tag to between $800 million and $1.2 trillion over the next 30 years.
Those figures are considerably higher than the ones put forward by Bushs
defense team, but the Center points out that until now estimates of the
programs costs have concentrated on development and acquisition,
but have largely ignored long-term operations and maintenance costs. The
Centers 120-page report, issued January 3,2003 is the first publicly
available study that takes into account all aspects of the system.
Center for Economic and Policy Research, January 3, 2003
IS THE MOST GLOBALIZED COUNTRY?
about Ireland? Dublin beats everyone else out for the second year in a
row, with Switzerland a close second. A. T. Kearney and Foreign Policys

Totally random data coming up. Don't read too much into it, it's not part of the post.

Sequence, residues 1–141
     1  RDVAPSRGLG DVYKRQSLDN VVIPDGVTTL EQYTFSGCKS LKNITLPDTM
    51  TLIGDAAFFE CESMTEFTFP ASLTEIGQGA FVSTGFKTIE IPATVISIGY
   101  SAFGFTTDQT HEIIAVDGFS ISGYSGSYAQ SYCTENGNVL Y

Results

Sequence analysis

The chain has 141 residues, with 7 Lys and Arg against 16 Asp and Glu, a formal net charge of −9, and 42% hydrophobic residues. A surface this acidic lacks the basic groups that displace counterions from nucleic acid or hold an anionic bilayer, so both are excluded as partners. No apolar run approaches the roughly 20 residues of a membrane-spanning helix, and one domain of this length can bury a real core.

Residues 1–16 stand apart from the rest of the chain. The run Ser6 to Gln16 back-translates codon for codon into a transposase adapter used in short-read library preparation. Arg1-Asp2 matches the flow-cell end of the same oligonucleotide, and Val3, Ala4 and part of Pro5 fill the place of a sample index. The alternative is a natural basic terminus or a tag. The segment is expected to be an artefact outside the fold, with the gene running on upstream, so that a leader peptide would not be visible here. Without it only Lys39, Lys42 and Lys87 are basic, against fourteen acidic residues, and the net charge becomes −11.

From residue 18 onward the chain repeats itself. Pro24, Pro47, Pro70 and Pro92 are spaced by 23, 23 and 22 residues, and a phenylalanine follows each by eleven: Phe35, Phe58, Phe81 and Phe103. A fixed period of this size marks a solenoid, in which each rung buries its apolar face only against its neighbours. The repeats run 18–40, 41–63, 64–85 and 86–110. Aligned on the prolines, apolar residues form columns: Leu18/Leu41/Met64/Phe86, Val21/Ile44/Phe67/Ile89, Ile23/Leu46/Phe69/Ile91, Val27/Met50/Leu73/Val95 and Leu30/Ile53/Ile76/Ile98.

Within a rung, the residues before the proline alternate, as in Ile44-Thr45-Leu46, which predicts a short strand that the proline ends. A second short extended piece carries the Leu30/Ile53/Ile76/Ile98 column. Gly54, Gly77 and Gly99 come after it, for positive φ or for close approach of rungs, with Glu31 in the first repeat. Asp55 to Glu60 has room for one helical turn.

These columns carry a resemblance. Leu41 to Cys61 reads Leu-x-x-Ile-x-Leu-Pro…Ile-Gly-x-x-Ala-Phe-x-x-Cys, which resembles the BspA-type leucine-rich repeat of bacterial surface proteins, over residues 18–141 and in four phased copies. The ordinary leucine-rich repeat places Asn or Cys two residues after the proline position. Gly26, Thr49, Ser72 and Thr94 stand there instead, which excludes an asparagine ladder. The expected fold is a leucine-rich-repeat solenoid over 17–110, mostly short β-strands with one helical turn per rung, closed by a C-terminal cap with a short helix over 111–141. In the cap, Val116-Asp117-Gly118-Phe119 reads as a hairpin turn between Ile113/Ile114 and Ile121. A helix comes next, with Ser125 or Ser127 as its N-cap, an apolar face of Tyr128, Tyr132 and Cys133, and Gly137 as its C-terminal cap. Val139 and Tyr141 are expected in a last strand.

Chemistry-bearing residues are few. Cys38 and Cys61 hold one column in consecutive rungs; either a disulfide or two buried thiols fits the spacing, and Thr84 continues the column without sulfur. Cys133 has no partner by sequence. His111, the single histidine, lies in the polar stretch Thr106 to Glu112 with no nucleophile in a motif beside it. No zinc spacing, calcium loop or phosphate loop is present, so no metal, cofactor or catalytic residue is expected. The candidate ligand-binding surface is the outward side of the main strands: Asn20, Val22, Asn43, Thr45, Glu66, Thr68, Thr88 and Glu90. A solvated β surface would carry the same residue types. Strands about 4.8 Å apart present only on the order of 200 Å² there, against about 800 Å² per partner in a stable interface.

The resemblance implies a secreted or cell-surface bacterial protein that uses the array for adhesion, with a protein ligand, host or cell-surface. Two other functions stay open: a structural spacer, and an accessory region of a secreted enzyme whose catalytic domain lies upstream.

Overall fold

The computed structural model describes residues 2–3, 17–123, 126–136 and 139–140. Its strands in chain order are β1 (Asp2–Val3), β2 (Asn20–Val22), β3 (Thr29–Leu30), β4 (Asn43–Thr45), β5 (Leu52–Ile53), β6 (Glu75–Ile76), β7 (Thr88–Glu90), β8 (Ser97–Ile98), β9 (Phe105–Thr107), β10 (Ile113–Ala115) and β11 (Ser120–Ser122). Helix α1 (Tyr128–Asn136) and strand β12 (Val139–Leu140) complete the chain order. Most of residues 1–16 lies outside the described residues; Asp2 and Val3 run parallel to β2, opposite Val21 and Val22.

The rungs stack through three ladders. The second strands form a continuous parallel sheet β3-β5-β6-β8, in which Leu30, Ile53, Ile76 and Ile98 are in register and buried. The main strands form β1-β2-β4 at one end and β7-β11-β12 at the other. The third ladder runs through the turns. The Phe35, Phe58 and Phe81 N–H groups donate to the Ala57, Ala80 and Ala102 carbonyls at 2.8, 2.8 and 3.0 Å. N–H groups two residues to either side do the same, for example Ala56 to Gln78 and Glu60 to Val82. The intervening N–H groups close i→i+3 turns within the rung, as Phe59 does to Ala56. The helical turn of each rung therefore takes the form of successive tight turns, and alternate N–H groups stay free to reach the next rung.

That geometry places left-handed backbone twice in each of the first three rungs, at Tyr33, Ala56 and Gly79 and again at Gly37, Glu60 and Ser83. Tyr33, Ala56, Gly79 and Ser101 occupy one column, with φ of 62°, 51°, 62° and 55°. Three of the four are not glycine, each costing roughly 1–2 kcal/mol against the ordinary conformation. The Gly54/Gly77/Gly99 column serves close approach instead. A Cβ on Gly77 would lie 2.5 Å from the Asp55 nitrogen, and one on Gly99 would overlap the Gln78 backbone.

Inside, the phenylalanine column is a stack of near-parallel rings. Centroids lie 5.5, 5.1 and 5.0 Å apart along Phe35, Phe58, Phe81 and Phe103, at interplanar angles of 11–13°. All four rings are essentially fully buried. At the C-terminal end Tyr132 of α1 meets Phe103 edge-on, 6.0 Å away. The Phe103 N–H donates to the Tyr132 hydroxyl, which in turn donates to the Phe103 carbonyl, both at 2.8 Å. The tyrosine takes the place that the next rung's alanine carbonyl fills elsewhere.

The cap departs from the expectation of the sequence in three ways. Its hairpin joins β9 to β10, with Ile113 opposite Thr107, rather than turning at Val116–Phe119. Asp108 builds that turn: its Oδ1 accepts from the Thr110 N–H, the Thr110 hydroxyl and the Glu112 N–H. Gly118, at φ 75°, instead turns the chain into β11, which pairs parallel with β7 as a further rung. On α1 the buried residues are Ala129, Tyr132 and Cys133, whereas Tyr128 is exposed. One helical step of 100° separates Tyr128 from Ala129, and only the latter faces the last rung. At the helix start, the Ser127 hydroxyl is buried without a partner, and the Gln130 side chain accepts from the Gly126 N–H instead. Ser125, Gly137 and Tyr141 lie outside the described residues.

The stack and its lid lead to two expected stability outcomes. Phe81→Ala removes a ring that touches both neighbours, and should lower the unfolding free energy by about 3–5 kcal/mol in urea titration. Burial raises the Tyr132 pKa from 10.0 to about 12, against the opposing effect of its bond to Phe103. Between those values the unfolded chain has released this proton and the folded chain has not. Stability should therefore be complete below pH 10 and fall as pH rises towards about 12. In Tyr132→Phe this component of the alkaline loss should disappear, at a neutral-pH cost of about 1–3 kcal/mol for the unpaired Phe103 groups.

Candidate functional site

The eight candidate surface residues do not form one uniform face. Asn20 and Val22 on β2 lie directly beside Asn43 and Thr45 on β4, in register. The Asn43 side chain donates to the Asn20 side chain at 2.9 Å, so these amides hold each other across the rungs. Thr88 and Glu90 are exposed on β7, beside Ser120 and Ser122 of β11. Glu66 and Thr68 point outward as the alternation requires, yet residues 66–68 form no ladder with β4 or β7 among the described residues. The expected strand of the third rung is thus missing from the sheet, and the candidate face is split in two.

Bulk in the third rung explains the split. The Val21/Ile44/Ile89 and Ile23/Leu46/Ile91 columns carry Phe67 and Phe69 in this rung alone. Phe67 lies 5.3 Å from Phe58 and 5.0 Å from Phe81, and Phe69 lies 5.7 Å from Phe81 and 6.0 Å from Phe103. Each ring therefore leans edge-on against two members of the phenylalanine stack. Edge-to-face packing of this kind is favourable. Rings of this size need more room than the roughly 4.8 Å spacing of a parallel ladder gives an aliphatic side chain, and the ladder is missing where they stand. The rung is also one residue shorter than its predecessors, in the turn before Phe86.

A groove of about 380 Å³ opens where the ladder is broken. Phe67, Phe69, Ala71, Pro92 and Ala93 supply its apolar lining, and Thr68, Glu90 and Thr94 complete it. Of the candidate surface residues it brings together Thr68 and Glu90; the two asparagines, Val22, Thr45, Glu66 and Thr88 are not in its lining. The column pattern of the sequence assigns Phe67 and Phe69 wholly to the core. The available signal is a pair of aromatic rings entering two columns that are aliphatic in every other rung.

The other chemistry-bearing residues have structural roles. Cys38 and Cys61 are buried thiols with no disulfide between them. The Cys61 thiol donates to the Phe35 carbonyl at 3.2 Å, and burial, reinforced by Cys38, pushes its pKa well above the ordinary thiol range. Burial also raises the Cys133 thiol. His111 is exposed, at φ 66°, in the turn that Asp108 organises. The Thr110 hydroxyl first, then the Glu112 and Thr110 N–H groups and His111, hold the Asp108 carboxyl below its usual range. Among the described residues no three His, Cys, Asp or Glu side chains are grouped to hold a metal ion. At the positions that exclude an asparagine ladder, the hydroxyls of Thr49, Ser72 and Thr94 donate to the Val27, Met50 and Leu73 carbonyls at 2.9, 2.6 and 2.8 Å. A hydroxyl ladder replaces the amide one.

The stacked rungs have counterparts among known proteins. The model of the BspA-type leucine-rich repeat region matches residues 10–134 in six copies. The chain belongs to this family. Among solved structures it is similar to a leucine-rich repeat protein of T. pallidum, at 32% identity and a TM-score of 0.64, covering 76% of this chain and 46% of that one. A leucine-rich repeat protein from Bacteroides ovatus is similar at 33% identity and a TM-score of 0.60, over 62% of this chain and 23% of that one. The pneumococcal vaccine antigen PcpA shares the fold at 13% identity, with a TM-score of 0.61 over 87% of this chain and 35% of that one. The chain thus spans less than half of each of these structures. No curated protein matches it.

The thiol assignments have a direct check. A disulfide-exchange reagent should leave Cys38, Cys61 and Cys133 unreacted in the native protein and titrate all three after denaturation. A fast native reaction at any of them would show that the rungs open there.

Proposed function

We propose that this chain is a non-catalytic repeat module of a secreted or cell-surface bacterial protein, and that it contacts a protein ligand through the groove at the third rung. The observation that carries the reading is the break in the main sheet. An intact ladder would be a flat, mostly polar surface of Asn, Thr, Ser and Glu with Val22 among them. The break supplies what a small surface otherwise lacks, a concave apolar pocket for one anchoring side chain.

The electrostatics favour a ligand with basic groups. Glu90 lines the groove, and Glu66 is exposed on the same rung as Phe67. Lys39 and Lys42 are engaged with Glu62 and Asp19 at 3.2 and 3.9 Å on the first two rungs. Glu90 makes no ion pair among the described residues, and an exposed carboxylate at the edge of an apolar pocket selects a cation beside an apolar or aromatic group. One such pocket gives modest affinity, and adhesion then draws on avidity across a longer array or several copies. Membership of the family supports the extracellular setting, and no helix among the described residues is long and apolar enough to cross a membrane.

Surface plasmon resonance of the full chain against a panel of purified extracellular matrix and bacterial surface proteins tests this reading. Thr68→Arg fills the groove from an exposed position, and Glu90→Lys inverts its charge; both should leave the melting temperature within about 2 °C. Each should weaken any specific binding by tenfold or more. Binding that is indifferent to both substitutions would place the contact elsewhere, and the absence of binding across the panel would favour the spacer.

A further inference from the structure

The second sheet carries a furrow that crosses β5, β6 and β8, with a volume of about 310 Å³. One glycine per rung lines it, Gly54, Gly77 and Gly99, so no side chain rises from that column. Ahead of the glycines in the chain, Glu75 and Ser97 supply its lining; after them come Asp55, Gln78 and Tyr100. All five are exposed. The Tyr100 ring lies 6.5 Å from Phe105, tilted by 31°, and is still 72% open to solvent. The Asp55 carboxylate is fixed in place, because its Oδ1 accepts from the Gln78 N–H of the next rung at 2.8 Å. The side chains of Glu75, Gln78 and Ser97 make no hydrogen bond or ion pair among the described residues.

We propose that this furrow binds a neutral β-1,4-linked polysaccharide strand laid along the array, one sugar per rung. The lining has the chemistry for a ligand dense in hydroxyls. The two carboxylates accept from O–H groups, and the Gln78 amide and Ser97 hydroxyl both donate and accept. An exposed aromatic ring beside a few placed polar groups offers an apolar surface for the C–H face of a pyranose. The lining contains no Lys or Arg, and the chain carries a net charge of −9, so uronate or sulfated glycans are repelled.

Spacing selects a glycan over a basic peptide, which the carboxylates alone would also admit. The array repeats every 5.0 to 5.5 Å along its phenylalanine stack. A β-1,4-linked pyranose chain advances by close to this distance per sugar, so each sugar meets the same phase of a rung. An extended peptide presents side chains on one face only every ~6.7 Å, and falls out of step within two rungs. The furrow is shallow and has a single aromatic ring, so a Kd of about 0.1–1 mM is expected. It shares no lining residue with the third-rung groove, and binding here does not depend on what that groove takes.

current interactive chart on who is really globalized is full of surprises.
The United States is ranked 11th place out of 62 countries for overall
globalism, first place for technology, but only 31st place when it comes
to international tourism. That is just slightly better than the Ukraine.
Towards the bottom of the list: Saudi Arabia, Peru, Brazil and India.
At the absolute bottom for globalization: Iran.
DOES SOME AGONIZING SOUL SEARCHING OVER THE PROSPECT OF A LADY JUDGE
the end of the month, Tahani El-Gebali, 52, could become the first female
sitting judge in modern Egyptian historyif she is able to surmount
the growing wave of criticism from traditional Islamic institutions. Egypts
Constitution guarantees the equality of the sexes. But Sharia law sees
things differently. Three of the four principal schools of Sunni jurisprudence
are against allowing a woman to serve as a judge. The fourth, the Hanafi